Alexander was great but who could have written about 'Frogs'?
LC & JC Latin, Classical Studies
A reasonable paper, with a sufficiently wide range of questions to ensure pupils would be pleased, said teacher Jim O'Dea of the Leaving Certificate higher level Classical Studies paper.
Mr O'Dea, of the Association of Secondary Teachers Ireland (ASTI), and Rathdown School, Glenageary, Co Dublin, said questions on Alexander the Great were along expected lines. However, two of the four questions in 'Life and thought in the Late Roman Republic' "were quite difficult, especially the question on Sertorius".
In Greek Drama, Mr O'Dea said that the question on Aristophanes's 'The Frogs', about life and politics in Athens at that time, required intensive research into the background of the play rather than focusing on its plot.
"It would be very difficult for second level pupils to answer this question. The only consolation is that 'The Frogs' is the least popular of the Greek plays," he said.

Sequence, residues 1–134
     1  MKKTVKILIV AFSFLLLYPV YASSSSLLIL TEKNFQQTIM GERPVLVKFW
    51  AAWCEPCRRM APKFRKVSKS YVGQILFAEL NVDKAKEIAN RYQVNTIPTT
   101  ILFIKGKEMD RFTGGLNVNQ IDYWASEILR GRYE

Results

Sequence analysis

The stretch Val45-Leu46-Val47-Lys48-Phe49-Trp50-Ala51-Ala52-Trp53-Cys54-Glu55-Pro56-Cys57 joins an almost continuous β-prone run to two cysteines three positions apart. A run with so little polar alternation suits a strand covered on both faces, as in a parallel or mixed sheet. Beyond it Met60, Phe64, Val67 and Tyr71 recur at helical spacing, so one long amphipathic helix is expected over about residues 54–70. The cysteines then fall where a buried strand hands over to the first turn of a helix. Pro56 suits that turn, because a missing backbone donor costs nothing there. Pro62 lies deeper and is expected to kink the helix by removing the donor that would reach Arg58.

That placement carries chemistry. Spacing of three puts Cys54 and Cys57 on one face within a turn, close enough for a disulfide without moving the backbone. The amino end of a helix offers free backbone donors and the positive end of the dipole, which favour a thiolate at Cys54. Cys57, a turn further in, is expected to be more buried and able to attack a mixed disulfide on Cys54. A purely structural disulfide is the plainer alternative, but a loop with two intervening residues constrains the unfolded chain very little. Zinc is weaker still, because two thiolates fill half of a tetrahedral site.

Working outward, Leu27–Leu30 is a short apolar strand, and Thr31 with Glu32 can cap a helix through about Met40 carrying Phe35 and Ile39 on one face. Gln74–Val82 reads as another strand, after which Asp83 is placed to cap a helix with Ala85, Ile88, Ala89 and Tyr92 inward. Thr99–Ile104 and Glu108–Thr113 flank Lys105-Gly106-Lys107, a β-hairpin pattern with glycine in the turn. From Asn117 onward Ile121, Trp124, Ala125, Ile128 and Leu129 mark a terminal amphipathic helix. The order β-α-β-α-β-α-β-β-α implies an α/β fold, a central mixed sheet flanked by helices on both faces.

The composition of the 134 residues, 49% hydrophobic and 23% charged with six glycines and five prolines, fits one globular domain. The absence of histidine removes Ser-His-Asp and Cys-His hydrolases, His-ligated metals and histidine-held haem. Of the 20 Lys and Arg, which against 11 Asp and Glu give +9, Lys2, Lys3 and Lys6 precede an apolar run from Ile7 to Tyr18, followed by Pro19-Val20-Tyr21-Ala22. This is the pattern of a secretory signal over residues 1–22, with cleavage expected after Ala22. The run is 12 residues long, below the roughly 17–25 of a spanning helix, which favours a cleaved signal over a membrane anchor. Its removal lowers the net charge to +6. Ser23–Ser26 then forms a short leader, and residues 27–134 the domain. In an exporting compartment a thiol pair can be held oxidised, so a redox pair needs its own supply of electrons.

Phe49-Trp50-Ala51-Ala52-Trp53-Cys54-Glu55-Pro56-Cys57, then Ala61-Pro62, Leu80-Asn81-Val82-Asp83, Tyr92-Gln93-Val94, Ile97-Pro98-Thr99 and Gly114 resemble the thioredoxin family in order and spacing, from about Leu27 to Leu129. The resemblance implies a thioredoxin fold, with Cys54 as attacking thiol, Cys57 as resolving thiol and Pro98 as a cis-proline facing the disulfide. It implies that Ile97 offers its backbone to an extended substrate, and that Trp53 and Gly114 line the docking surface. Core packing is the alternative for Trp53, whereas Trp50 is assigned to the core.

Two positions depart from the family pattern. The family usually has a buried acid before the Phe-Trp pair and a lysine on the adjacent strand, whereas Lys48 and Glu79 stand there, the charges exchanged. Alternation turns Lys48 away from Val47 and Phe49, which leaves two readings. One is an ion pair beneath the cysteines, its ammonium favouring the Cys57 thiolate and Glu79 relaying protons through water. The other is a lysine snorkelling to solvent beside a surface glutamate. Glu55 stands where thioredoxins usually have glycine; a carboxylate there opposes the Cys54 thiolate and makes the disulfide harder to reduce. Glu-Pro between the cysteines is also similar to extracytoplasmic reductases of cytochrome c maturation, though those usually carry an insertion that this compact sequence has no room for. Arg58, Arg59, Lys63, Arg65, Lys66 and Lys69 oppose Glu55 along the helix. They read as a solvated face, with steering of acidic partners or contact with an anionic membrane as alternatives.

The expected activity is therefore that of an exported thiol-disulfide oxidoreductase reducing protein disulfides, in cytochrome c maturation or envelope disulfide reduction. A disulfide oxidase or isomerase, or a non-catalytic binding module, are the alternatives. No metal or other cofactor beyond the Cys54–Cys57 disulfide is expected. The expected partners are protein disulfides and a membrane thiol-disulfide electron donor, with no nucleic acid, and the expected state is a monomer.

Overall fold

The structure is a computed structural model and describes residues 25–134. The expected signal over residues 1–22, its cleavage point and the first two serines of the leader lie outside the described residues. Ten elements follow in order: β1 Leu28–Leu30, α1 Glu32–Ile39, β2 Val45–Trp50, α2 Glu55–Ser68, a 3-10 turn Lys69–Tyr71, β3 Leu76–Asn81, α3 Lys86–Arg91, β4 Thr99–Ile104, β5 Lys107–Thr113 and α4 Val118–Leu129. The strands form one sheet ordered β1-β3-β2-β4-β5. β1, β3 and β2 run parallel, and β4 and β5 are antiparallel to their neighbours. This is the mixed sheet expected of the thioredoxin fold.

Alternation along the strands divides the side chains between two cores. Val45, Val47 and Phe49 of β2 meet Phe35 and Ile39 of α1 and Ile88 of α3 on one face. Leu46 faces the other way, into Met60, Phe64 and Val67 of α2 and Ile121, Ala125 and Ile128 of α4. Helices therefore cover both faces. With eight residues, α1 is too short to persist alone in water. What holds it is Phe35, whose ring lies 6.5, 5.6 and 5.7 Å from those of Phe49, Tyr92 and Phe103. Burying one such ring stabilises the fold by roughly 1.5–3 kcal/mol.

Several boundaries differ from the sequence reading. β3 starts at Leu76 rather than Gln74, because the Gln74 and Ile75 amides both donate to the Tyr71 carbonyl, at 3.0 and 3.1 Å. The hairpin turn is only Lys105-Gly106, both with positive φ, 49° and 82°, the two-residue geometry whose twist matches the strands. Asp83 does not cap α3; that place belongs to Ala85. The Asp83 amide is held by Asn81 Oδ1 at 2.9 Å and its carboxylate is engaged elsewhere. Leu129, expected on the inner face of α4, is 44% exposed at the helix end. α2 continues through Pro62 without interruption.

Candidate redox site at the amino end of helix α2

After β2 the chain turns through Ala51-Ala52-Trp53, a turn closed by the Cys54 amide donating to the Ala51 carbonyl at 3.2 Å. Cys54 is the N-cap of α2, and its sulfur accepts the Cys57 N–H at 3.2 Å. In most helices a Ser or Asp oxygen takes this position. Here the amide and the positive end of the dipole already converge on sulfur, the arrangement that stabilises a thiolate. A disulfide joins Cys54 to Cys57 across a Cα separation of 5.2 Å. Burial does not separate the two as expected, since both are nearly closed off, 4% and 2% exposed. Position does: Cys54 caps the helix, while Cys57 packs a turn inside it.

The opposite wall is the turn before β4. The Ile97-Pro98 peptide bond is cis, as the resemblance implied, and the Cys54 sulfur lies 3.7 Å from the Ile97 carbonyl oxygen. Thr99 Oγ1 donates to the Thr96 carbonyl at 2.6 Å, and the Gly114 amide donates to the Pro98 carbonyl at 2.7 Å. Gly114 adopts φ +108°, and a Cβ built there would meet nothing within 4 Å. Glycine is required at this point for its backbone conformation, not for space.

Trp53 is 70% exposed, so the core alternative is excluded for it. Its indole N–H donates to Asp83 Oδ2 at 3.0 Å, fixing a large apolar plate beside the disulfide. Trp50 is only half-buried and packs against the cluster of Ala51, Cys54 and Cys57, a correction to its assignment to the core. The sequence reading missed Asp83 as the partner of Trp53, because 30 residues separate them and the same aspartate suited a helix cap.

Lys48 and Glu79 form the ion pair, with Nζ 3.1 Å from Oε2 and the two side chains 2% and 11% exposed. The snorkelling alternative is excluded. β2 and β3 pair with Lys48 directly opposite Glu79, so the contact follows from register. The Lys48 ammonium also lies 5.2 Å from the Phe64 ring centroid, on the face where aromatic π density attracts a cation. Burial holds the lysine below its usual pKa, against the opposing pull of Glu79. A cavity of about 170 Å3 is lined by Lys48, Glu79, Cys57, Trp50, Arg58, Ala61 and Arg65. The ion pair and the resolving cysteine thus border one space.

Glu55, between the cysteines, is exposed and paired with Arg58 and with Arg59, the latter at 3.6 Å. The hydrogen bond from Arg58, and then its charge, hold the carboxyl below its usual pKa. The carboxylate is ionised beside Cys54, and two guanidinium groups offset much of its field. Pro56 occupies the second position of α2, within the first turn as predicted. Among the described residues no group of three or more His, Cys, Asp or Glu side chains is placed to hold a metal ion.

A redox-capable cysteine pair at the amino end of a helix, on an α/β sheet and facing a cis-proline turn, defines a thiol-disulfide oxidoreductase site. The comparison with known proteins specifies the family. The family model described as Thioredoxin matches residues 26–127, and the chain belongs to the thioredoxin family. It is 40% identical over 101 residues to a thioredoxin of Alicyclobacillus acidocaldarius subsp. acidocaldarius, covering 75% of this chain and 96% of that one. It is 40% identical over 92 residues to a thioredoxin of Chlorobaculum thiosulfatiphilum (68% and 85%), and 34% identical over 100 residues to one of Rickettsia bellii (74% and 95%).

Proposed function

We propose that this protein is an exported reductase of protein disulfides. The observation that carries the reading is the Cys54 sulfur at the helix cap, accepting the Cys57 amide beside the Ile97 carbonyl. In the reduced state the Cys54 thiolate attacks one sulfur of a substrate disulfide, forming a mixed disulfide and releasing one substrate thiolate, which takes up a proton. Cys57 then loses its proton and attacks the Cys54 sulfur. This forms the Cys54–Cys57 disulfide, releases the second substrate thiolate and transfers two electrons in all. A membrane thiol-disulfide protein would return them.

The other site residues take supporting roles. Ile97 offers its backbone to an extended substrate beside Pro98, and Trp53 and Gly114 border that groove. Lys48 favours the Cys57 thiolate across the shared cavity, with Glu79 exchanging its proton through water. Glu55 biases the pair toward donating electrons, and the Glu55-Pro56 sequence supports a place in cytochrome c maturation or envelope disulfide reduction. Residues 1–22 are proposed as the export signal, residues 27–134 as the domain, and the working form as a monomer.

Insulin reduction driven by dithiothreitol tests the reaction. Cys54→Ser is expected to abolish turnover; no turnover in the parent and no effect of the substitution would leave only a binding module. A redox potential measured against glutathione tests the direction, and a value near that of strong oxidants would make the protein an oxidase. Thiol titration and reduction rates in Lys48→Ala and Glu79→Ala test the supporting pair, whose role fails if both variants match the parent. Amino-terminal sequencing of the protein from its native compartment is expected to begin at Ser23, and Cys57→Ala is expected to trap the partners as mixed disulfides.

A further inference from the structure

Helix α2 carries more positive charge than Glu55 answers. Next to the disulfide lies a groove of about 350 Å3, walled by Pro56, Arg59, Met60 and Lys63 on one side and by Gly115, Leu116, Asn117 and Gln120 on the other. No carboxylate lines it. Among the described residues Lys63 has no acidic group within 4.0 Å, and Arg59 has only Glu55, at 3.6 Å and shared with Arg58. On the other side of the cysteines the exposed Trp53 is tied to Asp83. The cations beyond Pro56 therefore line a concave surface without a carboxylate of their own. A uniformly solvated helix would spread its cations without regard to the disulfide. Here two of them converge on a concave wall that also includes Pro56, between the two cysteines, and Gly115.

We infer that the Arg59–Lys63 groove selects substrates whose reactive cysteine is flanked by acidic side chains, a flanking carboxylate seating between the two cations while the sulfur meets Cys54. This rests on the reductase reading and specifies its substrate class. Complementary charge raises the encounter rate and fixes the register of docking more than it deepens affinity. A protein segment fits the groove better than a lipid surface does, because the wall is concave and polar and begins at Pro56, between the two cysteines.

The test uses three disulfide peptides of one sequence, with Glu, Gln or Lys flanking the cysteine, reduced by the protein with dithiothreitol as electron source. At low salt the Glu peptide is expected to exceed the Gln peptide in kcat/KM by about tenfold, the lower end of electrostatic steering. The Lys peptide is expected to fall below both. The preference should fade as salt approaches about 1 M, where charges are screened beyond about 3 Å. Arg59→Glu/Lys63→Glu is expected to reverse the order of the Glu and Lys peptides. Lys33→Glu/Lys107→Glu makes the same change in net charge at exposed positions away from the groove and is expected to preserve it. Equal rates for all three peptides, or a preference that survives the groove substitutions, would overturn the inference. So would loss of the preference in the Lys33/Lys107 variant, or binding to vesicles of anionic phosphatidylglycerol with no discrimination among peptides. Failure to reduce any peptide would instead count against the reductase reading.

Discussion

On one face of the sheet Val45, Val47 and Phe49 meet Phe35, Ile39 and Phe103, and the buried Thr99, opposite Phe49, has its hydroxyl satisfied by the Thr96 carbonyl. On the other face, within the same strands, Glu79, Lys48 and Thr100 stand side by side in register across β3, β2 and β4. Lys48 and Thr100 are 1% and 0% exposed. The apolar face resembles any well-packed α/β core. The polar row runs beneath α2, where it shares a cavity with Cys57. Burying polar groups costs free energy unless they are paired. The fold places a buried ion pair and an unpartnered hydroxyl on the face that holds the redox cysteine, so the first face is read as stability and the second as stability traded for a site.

Mr O'Dea described questions in the Ancient Epic section, as" nice", while in 'Writers of the Augustan Age', he said they were "manageable" and, in Greek Art and Architecture, "along expected lines".
Ordinary level candidates had a paper that was "quite uneven in parts", but there was "a sufficient number of reasonable questions to counterbalance the difficult questions," he said.
At Junior Cert, the higher level paper was "reasonable for the most part", although pupils could have been "unlucky enough to have done those topics where more detail was required". "Ordinary level candidates would have been happy," he said.
Mr O'Dea had no quibble with the Junior Cert Latin papers. He added: "Leaving Cert candidates were reasonably happy after last year's nightmare."